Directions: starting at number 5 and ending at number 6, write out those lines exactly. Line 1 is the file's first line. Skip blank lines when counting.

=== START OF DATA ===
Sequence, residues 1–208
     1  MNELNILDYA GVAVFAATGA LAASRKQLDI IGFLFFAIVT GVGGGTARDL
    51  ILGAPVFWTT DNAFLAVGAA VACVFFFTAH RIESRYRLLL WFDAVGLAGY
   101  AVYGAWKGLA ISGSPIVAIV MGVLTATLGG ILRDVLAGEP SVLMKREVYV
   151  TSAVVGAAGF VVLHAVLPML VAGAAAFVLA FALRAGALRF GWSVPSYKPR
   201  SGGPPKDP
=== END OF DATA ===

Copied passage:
   151  TSAVVGAAGF VVLHAVLPML VAGAAAFVLA FALRAGALRF GWSVPSYKPR
   201  SGGPPKDP